Politics expert James Chin of the University of Tasmania echoed similar sentiments, pointing out that it was in the interest of many Malaysians for the federal government’s handling of the matter to be divulged fully.
“I think this is one of those issues which the Malaysian public want a full accounting of,” he said.
“It’s important for this issue to be investigated because many Malaysians were very surprised by the ICJ findings … and lots of people in Johor are unhappy that they lost the islands.”
Analysts also speculated that the RCI may have been convened with the support of Johor’s ruler, Sultan Ibrahim Iskandar, who will be appointed the country’s king on Wednesday.
Dr Azmi said Sultan Ibrahim has been vocal on the issue given the proximity of the disputed islands, and that he would likely be keen for the RCI to proceed.
“The selection of the commission will need to be recognised by the new Yang Di Pertuan Agong when he is elected … so I think yes, the timing of the convening of this RCI has something to do with the Sultan of Johor,” he added.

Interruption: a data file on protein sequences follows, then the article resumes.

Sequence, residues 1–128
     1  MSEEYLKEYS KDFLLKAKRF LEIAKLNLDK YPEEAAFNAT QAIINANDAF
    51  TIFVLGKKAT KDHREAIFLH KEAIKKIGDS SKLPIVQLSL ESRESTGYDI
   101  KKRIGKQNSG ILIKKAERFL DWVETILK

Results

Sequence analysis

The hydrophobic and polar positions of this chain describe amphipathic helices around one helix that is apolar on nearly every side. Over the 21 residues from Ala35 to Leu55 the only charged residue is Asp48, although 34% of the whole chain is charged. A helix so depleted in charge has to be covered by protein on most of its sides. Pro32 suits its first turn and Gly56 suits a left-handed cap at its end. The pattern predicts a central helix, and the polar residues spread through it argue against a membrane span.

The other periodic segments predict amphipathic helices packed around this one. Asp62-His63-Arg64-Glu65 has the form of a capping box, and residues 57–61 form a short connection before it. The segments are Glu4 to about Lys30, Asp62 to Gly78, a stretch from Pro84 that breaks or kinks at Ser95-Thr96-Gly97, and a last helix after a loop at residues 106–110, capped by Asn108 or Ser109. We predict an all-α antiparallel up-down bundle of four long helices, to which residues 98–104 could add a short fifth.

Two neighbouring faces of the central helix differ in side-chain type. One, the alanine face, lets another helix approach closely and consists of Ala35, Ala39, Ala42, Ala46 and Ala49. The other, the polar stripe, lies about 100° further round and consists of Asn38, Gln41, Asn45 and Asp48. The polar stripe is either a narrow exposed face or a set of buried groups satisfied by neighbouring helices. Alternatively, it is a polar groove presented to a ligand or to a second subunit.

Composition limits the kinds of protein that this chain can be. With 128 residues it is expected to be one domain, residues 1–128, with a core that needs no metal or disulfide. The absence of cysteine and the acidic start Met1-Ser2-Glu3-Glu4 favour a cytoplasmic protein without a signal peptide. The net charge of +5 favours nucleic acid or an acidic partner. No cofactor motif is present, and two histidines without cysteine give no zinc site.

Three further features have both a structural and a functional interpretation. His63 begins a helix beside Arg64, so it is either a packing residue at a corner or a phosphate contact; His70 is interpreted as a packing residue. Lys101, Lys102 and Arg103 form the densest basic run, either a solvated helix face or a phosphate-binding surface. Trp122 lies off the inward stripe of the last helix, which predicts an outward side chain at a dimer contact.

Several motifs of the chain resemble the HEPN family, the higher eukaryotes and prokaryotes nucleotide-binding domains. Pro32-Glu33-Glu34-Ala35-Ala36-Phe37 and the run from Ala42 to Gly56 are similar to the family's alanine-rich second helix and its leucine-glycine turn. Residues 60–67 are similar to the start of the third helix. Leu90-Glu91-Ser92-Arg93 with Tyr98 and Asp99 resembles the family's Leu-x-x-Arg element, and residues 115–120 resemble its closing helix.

In June 2022, Sultan Ibrahim told the Johor State Assembly he was “bitterly disappointed” by the federal government’s decision to cancel the appeal of ICJ’s decision.
“The Johor state government was not consulted at all, especially given that it is a sovereign land of Johor. I want the government to act firmly against the individuals who acted against the rights of the state,” he said.
Deputy Prime Minister Ahmad Zahid Hamidi has said that while the Cabinet has approved the formation of the RCI, the appointment of its members will need consent from Sultan Ibrahim.
“It will only be executed with the formal appointment and swearing-in of the new king,” said Dr Ahmad Zahid.